The next day, Higgins spoke with Doctor Dolz of the medical examiner's office. The doctor informed him that an examination of the victim revealed that he had numerous injuries, including a cervical spine fracture. Dolz stated that the victim would not be able to walk or talk after sustaining the injury. Higgins testified that he returned to Nawrot's apartment and asked him if he would accompany him to the Area 3 police station to answer some additional questions regrading DeMiere's death. Nawrot agreed. After they arrived at the police station, Higgins informed Nawrot that the victim had a fractured spine and would not be able to walk or talk after his injury. Nawrot then told Higgins the second of three versions of the events of March 9, 1984. Nawrot told Higgins that after DeMiere entered his apartment, he became a nuisance, so he pushed him out of the door. Nawrot stated that DeMiere fell to the ground and he and Zunker picked him up and returned him to the second floor. Higgins then asked Nawrot to take a polygraph examination and he agreed. Higgins drove Nawrot to police headquarters at 11th and State Street. Higgins testified that he read Nawrot his Miranda rights and left him with the polygraph examiner. After a while, the examiner came into the waiting room and told Higgins that Nawrot was ready to tell everything that happened the previous day. Nawrot then gave an oral statement in the presence of the polygraph examiner and Higgins. In his third version of the events of March 9, 1984, Nawrot admitted that he and Zunker beat Michael DeMiere.

Higgins returned with Nawrot to the Area 3 police station to obtain a written statement. After their arrival, Higgins observed defendant Zunker being interviewed by Chicago police detectives Kwilos and Lane. Higgins joined the interview with Zunker and noted that his story was the same version that Nawrot had told in their initial interview. Higgins interrupted Zunker and told him that he was just digging a hole for himself and that he should tell the truth. Zunker then agreed to tell the truth. After Lane read Zunker his Miranda warnings, he made an oral statement admitting his participation in the beating of DeMiere. The State's Attorney's office was contacted and court-reported statements were taken from Nawrot and Zunker.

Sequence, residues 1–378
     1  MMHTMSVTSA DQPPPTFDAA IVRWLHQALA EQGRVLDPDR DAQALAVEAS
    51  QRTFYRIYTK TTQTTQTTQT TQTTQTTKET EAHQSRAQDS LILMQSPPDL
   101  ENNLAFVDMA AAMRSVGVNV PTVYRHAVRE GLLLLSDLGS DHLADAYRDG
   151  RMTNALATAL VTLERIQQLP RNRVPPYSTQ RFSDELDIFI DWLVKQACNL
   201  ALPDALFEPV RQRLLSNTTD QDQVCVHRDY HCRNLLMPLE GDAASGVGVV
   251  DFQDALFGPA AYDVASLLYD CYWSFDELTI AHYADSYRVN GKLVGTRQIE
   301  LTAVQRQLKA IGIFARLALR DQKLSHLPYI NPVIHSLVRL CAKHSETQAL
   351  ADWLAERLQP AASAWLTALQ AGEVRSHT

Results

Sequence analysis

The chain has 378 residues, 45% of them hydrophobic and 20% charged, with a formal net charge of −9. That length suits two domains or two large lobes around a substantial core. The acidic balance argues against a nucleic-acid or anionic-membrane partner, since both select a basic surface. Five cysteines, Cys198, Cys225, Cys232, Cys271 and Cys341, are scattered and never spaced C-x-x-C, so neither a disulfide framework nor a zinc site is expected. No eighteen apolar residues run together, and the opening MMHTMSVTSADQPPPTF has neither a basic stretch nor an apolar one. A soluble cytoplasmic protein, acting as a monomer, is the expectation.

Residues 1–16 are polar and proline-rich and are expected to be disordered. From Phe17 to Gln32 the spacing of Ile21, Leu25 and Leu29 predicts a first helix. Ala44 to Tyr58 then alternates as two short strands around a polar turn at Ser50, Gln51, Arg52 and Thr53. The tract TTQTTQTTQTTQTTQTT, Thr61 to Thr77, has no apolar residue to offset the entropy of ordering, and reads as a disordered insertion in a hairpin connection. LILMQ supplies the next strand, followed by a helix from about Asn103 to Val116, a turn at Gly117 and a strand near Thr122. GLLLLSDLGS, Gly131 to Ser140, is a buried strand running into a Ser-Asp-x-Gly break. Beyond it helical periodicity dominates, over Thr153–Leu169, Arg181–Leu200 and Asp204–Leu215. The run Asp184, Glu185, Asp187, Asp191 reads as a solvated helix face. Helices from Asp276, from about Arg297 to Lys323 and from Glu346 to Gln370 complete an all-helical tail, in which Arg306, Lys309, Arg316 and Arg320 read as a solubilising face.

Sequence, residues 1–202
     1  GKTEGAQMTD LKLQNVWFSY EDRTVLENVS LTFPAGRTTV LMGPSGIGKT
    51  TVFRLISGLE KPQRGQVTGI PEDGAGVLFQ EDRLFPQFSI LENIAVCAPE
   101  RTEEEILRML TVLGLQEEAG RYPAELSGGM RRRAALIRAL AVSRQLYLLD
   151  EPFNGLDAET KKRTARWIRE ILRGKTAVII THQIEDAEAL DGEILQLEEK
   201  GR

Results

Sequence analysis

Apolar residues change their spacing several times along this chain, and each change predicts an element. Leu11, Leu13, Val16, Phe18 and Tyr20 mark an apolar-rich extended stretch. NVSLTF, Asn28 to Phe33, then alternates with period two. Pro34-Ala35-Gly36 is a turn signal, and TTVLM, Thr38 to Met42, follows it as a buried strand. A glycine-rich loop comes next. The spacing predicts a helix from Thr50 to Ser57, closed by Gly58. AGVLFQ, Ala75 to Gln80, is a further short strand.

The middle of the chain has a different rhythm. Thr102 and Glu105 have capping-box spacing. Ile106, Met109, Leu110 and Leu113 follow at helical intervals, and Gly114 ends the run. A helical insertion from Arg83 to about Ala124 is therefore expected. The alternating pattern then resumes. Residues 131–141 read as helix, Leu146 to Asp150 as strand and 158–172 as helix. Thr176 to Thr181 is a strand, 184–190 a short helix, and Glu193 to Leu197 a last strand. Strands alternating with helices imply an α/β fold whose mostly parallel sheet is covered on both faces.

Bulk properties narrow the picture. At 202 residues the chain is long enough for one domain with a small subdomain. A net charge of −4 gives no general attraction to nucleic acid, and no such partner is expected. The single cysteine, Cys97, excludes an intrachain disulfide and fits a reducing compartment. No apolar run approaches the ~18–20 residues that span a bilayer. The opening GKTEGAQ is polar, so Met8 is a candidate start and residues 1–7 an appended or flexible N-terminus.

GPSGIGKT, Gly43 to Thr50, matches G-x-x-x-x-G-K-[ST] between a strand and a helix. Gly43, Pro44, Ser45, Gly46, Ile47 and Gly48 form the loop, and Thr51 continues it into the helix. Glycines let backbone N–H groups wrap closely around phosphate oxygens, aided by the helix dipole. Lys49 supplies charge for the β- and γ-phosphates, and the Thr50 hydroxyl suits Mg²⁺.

Detective Lane and polygraph examiner Walsh also testified on behalf of the State. Lane and Walsh essentially corroborated Higgins' testimony. Detective Lane also testified that he and his partner went to Zunker's home and asked him to accompany them to the police station to answer some questions regarding DeMiere's death. Lane stated that Zunker came voluntarily and that he was not under arrest at that time.

Assistant State's Attorney Botti testified that he was assigned to the case and that he took court-reported statements from both Zunker and Nawrot. He further testified that each defendant read the typed statement, made corrections, initialed each page and signed his name on the last page. Botti testified that he did not promise or witness anyone promise Zunker anything in exchange for his statement. Botti further testified that Higgins told him that he did not make any promises to Zunker.

Defendant Nawrot testified on his own behalf. Nawrot testified that Higgins came to his home at approximately 10:30 a.m. on March 10, 1984, and asked him to come to the police station to make a final statement regarding the death of Michael DeMiere. Nawrot agreed, and Higgins drove him to the police station. Nawrot gave a ...